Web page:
Central Oregon gets that cold? Anna, I had no clue! I’m glad you’re enjoying your thaw – isn’t it great feeling fresh air on bare skin? :) PJH

  22. fran16250

    I just made this for dinner and I thoroughly enjoyed it. I too thought it was too thick to simmer so I did add just a little chicken broth but it cooked out during the simmer. I made a chicken pot pie for the rest of the family and they were happy. I made a double batch of the cornbread so I could serve corn muffins with the pot pie. I put the cilantro in the chili at the very end instead of in the corn bread. I did not put the green chilis in the cornbread either, I used only one can in my chile with just a touch of cayenne pepper instead of the jalepeno. I liked the slight sweetness of the cornbread in contrast to the mild heat of the chile.
    I know it is not too critical but the recipe did not mention the sprinkle of paprika on top of the cornbread.
    Being that I am the only one who likes this I made two smaller casseroles and will freeze one for a busy day.
    Thanks for another great recipe. I will be making this again.

    You’re right, Fran – I included the paprika in the blog, but not the recipe. It’s totally optional, and I figure if a person reads the recipe, hopefully they’ll look at the blog, too. Your substitutions all make perfect sense, and I’m glad you’ve got some chili stowed in the freezer for another (cold) day… PJH

  23. milkwithknives

    HA! Goose poop! Didn’t expect to see that when I got here, and I laughed out loud.

    Okay, made it this afternoon. Guhhh, wonderful. Pinto beans are one of my favorite foods in the world, so I just cooked some up this morning (didn’t have any white beans), and also had to sub a few other ingredients (broccoli stems, plain yogurt, etc.), but the chili came out beautifully. I left out the jalapeno and just put a dab of green tabasco on each bite, and that was perfect. I used your cornbread recipe but put in a bit more coarse cornmeal and less flour, so my lid was gritty rather than bready, but it was a stellar counterpoint to the ultra-smooth, pureed bean filling. I can’t wait to eat some tomorrow, and I’m REALLY looking forward to the leftovers for lunches next week. Thanks a ton for this wonderful chili/pot pie hybrid, which I would never have thought of on my own.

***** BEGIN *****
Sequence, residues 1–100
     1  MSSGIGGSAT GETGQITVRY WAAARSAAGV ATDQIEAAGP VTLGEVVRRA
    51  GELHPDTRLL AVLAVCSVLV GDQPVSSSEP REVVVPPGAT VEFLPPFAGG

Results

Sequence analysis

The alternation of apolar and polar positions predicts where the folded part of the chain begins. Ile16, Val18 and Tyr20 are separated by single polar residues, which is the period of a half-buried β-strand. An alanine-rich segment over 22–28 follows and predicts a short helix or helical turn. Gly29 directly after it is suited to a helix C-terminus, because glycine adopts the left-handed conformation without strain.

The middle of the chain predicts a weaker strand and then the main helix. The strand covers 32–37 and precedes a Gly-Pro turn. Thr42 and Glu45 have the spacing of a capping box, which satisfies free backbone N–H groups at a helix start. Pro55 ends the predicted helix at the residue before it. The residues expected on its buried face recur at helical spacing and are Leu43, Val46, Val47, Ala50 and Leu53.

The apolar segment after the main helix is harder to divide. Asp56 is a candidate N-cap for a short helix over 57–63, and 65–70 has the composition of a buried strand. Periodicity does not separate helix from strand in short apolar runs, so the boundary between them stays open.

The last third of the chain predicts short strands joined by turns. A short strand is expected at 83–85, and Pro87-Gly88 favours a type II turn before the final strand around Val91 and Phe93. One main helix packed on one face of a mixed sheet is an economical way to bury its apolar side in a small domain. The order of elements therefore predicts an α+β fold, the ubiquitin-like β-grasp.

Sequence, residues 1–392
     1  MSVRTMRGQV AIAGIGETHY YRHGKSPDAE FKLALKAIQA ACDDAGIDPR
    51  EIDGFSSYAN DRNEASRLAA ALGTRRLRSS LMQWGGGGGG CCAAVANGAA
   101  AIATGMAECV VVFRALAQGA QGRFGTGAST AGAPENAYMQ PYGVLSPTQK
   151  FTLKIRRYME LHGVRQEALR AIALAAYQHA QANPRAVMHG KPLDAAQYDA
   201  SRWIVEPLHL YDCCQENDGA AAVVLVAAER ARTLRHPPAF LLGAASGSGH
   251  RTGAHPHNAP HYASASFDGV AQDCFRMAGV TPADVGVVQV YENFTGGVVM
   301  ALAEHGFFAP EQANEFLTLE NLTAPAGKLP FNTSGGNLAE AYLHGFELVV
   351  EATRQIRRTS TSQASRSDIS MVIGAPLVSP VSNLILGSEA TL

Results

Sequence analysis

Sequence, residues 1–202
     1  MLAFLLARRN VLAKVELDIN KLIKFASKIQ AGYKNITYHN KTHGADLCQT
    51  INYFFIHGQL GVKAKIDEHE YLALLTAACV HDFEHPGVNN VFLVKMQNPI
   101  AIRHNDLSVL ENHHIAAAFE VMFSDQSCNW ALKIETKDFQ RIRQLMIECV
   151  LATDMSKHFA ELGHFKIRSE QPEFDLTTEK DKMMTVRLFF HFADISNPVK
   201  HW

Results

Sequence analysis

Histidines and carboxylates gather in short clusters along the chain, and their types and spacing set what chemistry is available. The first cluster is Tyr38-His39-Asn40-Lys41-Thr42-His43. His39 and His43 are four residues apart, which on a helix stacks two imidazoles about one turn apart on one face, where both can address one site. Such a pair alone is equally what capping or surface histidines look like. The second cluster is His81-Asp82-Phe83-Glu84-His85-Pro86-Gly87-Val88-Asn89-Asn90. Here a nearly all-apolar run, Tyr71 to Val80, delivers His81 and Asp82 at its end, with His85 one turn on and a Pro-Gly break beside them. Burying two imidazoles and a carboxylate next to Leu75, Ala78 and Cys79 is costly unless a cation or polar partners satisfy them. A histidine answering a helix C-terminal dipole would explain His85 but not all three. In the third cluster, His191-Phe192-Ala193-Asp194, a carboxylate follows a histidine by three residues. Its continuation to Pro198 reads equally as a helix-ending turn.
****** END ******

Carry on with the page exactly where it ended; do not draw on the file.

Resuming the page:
You’re making me hungry… and that’s not easy at 11 p.m.! Thanks for sharing- PJH

  24. wingboy

    I really like what the beans and the cream cheese did to the chili. The cream cheese added richness and the beans are a wonderful thickener along with adding fiber. The green chili cornbread topping is good, but I’d prefer less (thinner).

    It Needs More Heat.

    I added an Anaheim, and a Pasillo and a couple Serranos, and it was still too bland. I’d cut back on the corn, too. I cut the recipe in half and baked it in an 8×8. It’s really filling.

    Thanks PJ! I’m going to make a couple of adjustments and this is going to feed a dozen college kids next weekend!


    Your suggestions sound right on, Tom; I deliberately leave things “cool” expecting that people who like the heat will know how to add it. I’d like some smoky chile, myself… PJH

  25. kmjas1

    You all rock with these good recipes and blogs.